This study was presented at the American College of Veterinary Internal Medicine Forum, New Orleans, LA, June 2012
NOD2 mRNA Expression and NFkappaB Activation in Dogs with Lymphocytic Plasmacytic Colitis
Article first published online: 18 APR 2013
Copyright © 2013 by the American College of Veterinary Internal Medicine
Journal of Veterinary Internal Medicine
Volume 27, Issue 3, pages 439–444, May/June 2013
How to Cite
Okanishi, H., Hayashi, K., Sakamoto, Y., Sano, T., Maruyama, H., Kagawa, Y. and Watari, T. (2013), NOD2 mRNA Expression and NFkappaB Activation in Dogs with Lymphocytic Plasmacytic Colitis. Journal of Veterinary Internal Medicine, 27: 439–444. doi: 10.1111/jvim.12082
- Issue published online: 9 MAY 2013
- Article first published online: 18 APR 2013
- Manuscript Accepted: 5 MAR 2013
- Manuscript Revised: 2 FEB 2013
- Manuscript Received: 25 JUN 2012
- Inflammatory bowel disease;
- Innate immunity;
- Mucosal inflammation
Nucleotide Oligomerization Domain Two (NOD2) is suggested to be an intracellular pathogen-associated molecular pattern recognition molecule. NOD2, plays a key role against bacteria by triggering a host defense response through activation of the transcription factor NFkappaB and subsequent proinflammatory cytokine production. NOD2 recently was reported to be overproduced in inflamed colonic mucosa in Crohn's disease, and to be accompanied by a significant increase in NFkappaB activity. However, few studies to date have investigated intercellular signaling molecules in dogs with lymphocytic plasmacytic colitis (LPC).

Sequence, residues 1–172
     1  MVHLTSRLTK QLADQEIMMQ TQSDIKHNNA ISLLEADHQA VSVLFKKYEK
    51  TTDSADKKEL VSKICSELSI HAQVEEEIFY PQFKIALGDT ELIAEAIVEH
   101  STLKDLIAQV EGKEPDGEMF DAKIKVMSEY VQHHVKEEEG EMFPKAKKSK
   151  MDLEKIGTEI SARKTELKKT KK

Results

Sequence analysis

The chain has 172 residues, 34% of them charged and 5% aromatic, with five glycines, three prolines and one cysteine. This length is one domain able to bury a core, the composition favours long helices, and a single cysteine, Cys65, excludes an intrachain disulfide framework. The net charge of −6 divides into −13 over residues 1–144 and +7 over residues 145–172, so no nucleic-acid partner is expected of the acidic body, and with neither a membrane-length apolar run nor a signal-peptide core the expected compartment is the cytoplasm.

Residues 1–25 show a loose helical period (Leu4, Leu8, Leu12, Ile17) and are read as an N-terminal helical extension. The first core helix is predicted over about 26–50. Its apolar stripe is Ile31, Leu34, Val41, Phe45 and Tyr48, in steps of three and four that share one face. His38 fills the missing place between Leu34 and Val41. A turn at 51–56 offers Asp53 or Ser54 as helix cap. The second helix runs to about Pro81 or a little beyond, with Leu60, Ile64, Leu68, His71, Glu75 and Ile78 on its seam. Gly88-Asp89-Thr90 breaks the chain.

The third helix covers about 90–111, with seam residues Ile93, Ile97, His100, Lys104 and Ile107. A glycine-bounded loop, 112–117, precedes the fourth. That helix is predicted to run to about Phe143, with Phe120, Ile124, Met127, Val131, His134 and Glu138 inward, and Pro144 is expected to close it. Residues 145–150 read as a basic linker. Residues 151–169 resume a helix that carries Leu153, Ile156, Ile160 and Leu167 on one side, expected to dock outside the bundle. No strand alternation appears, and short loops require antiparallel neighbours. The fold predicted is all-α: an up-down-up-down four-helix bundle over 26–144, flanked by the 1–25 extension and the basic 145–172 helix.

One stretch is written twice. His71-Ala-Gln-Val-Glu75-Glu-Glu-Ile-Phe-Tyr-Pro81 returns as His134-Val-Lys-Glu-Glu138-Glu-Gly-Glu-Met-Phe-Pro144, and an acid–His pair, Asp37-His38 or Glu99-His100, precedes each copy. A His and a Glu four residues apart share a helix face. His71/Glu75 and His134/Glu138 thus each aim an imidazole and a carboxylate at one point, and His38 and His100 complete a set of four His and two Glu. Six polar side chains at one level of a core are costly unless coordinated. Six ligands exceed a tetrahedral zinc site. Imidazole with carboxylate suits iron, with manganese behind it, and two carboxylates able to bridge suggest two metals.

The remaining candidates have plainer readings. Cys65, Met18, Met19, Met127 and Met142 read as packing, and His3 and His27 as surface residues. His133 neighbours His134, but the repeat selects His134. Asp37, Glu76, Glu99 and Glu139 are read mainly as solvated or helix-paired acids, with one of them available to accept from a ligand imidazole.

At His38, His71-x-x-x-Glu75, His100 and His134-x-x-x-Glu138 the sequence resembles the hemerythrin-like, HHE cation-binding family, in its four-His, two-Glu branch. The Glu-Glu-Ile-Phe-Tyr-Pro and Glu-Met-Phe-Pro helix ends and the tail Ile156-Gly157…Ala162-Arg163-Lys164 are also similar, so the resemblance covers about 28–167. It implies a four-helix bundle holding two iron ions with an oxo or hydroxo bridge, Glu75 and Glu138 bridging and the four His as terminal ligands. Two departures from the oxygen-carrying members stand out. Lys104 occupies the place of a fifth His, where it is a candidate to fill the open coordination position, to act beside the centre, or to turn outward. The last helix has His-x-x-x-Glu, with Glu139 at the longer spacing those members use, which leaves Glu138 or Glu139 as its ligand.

NOD2 mRNA expression and NFkappaB activation are increased in mucosal biopsies of LPC dogs as compared with control dogs.
Five healthy dogs and 19 dogs with LPC.
Descending colon biopsies were obtained endoscopically. Expression of NOD2 mRNA was evaluated by semiquantitative RT-PCR in the colonic mucosa. NFkappaB binding activity was assessed by electrophoretic mobility shift assay.
NOD2 mRNA expression was approximately 63% greater in LPC dogs than in healthy controls (P = .019). NFkappaB binding activity was approximately 45% higher in the inflamed colonic mucosa of the LPC dogs, as compared with healthy controls (P = .011). No correlations were observed among NOD2 mRNA expression levels, NFkappaB binding activity, and CIBDAI in LPC dogs.
Conclusions and Clinical Importance
NOD2 mRNA and NFkappaB activity were significantly higher in the inflamed colon of dogs with LPC, as compared with healthy controls. Our data suggest that NOD2 and NFkappaB play an important role in the pathogenesis of LPC.